Caroli Disease: When Your Ducts Aren't in a Row

Roberto R. González, MD; William H. Brown, MD; David L. Carr-Locke, MD

Disclosures

May 02, 2012

Treatment of Caroli Disease

Medical therapy is geared toward reducing the incidence of intrahepatic stones. Oral ursodeoxycholic acid has been shown to have some efficacy in reducing cholesterol stone formation and bile stagnation by increasing bile flow.[7] In patients presenting with acute cholangitis, appropriate antibiotic coverage in recommended. Patients with esophageal varices and portal hypertension secondary to congenital hepatic fibrosis should be treated with a nonselective beta-blocker. ERCP can be performed to relieve biliary obstruction; however, it will not be effective in obstructions of distal IHBDs.

In patients with monolobar involvement and recurrent life-threatening cholangitis, hepatic lobar resection may be performed. In diffuse hepatic disease, liver transplantation has been a successful treatment modality.[8]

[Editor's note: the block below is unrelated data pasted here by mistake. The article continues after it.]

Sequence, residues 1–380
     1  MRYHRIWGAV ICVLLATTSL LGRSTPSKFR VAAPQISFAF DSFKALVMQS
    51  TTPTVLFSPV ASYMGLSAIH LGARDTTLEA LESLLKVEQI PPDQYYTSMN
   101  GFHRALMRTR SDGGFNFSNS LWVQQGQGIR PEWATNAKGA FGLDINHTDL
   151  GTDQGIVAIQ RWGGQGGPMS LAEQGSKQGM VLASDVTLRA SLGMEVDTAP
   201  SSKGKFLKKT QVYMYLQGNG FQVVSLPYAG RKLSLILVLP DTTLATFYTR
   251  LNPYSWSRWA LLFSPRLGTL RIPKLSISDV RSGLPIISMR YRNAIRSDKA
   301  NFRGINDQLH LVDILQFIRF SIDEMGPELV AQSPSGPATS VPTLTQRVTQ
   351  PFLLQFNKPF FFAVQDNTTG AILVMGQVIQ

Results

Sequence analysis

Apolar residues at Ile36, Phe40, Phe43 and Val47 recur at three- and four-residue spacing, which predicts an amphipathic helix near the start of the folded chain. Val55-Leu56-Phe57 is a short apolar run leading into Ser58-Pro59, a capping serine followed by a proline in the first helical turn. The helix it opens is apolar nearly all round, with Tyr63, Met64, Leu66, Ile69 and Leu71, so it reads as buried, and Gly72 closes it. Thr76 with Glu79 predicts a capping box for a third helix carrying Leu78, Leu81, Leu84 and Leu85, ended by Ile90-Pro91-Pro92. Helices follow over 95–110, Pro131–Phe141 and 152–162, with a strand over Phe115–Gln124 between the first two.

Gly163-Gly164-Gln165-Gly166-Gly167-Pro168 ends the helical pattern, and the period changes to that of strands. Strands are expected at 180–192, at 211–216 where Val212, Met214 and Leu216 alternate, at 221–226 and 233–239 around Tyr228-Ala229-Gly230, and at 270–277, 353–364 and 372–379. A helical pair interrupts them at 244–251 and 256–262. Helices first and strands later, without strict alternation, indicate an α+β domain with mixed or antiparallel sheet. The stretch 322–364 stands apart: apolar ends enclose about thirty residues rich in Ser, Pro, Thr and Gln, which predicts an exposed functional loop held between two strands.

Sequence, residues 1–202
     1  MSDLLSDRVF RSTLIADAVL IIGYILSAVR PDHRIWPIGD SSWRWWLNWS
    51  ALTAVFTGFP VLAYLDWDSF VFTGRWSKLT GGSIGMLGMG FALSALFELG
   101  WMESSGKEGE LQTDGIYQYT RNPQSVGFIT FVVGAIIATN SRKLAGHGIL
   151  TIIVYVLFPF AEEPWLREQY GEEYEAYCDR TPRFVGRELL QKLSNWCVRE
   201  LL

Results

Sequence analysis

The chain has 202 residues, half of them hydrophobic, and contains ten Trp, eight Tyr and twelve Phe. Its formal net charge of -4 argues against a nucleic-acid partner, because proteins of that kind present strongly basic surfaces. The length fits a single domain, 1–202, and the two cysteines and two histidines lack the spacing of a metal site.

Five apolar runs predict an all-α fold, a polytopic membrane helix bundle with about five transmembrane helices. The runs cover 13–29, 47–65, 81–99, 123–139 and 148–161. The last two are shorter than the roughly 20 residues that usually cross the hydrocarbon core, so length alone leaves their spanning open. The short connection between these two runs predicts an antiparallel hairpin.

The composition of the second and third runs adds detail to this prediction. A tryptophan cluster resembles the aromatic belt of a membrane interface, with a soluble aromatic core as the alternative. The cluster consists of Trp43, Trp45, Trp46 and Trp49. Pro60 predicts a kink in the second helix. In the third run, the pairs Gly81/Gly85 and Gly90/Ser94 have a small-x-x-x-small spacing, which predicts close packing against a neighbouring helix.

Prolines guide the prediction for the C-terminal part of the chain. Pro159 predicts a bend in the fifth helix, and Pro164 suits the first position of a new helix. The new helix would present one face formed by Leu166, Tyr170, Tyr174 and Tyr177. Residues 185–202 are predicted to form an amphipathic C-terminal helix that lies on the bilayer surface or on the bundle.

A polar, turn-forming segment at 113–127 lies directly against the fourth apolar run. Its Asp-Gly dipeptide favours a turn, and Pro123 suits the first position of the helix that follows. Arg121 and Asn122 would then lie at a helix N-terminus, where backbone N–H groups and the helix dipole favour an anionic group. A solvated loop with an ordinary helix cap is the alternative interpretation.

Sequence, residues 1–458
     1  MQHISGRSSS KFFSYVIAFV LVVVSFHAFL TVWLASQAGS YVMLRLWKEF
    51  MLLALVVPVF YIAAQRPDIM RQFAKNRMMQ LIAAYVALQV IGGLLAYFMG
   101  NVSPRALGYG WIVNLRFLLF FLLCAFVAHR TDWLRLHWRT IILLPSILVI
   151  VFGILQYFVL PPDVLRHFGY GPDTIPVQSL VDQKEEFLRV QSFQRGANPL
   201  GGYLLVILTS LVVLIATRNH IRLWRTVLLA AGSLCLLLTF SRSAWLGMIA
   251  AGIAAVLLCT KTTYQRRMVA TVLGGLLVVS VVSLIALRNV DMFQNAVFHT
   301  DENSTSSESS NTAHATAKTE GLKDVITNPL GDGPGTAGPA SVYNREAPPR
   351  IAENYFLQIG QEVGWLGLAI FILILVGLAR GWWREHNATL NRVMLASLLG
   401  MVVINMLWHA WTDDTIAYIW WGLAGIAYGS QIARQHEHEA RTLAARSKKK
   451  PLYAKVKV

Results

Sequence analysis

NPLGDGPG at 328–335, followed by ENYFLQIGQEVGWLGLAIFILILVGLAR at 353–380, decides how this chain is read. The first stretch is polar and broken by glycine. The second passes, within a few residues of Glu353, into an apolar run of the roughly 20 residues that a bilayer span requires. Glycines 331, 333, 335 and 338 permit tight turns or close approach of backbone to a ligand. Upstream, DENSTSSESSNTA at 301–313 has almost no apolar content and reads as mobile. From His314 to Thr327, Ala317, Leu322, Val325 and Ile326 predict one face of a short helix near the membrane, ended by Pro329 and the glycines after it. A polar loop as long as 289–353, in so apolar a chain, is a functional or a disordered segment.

Conclusion

Although this patient presented in the sixth decade of life, it is clear from her history that she had had symptoms of Caroli disease since her second or third decade, with steady worsening in severity. This correlates with the varying age of onset and rate of progression seen with this disease entity.

Because the patient has diffuse, bilobar disease and has experienced multiple episodes of cholangitis, definitive treatment will be liver transplantation despite her normal liver function and nonfibrotic hepatic parenchyma.

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